, Volume 25, Issue 7, pp 668-673

A prospective study of fever in the intensive care unit

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Objective: To determine the epidemiology of fever on the intensive care unit (ICU). Design: Prospective, observational study. Setting: Nine-bed general ICU in a 500-bed tertiary care inner city institution. Patients: 100 consecutive admissions of 93 patients over a 4-month period between July and October 1996. Interventions: All patients were seen and examined by one investigator within 24 h of ICU admission. Patients were followed up on a daily basis throughout their ICU stay, and all clinical and laboratory data were recorded during the admission. Measurements and results: Fever (core temperature ≥ 38.4 °C) was present in 70 % of admissions, and it was caused by infective and non-infective processes in approximately equal number. Most fevers occurred early in the course of the admission, within the first 1–2 days, and most lasted less than 5 days. The median Acute Physiology and Chronic Health Evaluation (APACHE) II score was 15 ( ± 0.6). The 70 episodes associated with fever at any time were associated with a significantly higher APACHE II score on admission than the afebrile episodes (15.8 ± 6.1 vs 12.1 ± 6.7, p = 0.04). The most common cause of non-infective fever was in the group designated post-operative fever (n = 34). All the patients in the post-operative fever group were febrile on day 0 or day 1; their mean admission APACHE score was 12.4 ( ± 4.4) compared to 15.9 ( ± 7.1) for the remaining patients (p = 0.01). Fever alone was not associated with a higher mortality: 26/70 (37 %) of febrile patients died, compared to 8/30 (27 %) of afebrile patients, (χ 2 = 1.23, p = 0.38). Prolonged fever ( > 5 days) occurred in 16 patients. In 13 cases, fever was due to infection, and in the remaining 3 both infective and non-infective processes occurred concurrently. The mortality in the group with prolonged fever was 62.5 % (10/16) compared to 29.6 % (16/54) in patients with fever of less than 5 days' duration, a highly significant difference (p < 0.0001). Conclusions: Fever is a common event on the intensive care unit. It usually occurs early in the course, is frequently non-infective and is often benign. Prolonged fever is associated with a poor outcome. Post-operative fever is a well-recognised but poorly defined syndrome which requires further study.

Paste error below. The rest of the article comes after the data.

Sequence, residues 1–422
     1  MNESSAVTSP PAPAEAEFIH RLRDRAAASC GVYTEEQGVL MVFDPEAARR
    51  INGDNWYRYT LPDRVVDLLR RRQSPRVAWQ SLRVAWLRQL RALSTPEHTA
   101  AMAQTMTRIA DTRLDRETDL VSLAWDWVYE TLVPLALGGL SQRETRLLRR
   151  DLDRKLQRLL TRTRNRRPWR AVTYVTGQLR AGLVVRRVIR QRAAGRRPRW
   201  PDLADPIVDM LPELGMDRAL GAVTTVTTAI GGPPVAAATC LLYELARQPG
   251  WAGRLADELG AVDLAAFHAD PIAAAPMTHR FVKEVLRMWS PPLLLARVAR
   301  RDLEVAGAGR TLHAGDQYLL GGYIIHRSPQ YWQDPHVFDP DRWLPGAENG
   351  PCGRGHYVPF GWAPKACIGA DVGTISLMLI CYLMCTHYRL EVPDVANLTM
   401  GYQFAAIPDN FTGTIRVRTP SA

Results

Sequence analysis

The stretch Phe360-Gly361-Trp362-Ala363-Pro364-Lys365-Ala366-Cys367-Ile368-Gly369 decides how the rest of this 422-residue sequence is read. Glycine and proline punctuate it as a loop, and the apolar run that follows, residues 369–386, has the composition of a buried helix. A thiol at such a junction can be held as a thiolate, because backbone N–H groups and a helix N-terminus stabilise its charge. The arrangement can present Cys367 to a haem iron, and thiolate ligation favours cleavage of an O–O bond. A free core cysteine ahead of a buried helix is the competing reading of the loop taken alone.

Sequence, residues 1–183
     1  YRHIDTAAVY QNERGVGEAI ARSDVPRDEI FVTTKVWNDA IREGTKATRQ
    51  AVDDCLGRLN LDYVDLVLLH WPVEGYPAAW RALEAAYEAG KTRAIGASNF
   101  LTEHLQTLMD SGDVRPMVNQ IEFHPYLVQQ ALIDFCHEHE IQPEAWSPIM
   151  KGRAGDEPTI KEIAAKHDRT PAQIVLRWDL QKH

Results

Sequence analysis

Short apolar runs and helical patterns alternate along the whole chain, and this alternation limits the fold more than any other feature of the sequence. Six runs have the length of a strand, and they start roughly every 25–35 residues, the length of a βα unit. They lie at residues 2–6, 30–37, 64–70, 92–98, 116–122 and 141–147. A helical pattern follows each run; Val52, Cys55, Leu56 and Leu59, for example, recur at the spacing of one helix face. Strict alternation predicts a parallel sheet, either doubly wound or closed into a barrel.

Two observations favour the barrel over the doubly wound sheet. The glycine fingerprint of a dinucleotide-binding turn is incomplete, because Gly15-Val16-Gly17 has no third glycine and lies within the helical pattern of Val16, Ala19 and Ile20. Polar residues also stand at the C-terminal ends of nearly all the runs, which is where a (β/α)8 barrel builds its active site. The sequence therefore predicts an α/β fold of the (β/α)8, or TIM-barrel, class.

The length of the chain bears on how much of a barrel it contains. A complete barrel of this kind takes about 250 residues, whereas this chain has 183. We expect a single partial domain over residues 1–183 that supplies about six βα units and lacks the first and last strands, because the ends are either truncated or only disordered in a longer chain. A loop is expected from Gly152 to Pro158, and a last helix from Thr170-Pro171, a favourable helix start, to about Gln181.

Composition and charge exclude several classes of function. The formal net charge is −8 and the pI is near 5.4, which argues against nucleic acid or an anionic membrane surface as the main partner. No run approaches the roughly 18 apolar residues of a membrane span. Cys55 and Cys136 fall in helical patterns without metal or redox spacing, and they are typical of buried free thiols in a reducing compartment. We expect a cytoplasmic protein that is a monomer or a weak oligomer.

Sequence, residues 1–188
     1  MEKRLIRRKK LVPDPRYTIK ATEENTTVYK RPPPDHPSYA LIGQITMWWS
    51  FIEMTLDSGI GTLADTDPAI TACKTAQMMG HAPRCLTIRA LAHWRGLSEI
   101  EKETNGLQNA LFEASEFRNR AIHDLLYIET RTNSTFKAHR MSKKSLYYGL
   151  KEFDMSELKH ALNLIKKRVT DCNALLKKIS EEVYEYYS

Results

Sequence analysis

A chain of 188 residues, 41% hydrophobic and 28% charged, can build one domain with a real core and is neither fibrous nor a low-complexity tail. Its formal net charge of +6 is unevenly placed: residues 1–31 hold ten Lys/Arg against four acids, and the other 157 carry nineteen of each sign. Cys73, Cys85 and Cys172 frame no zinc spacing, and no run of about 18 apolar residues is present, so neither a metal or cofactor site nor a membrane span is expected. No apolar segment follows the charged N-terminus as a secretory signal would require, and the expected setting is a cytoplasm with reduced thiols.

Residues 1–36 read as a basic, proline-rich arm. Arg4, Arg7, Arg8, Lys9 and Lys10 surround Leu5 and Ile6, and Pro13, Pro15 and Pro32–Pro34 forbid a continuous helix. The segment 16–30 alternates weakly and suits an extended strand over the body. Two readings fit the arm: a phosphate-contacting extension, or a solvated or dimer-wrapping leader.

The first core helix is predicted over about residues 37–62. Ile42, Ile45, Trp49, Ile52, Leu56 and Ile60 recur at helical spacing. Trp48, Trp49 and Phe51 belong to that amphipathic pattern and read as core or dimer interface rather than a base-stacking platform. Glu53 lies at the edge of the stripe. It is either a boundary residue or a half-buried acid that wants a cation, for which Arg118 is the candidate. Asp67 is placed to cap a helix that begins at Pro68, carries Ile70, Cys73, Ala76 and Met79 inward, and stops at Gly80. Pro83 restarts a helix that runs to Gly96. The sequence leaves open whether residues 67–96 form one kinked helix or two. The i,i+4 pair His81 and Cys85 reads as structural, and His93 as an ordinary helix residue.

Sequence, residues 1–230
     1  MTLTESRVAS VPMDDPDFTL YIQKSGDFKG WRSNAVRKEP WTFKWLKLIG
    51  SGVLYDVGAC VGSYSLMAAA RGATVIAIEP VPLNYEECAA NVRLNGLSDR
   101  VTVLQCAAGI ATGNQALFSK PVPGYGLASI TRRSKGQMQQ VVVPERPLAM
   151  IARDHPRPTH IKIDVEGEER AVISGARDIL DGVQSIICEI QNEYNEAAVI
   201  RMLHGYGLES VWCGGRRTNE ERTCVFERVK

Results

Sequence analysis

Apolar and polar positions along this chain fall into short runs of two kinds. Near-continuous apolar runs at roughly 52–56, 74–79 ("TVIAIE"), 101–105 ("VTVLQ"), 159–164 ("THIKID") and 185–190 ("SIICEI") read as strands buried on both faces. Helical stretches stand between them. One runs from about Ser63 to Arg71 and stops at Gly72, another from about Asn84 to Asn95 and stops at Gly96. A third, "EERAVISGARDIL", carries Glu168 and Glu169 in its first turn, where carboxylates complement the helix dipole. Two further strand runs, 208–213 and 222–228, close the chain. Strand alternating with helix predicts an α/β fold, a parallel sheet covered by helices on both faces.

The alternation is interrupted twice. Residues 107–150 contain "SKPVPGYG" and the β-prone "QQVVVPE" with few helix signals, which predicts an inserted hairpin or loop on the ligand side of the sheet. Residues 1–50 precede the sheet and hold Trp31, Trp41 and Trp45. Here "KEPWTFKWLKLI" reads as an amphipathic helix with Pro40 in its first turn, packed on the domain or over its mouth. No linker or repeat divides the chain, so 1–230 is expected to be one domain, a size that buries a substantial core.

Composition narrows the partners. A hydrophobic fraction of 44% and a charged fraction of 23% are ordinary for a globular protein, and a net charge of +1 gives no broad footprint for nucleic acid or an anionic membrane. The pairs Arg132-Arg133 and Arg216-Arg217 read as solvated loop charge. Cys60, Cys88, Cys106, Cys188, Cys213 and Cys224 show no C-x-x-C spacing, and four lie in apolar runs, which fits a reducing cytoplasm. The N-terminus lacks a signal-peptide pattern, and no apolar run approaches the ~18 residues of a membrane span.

Received: 29 December 1998 Final revision received: 16 March 1999 Accepted: 14 April 1999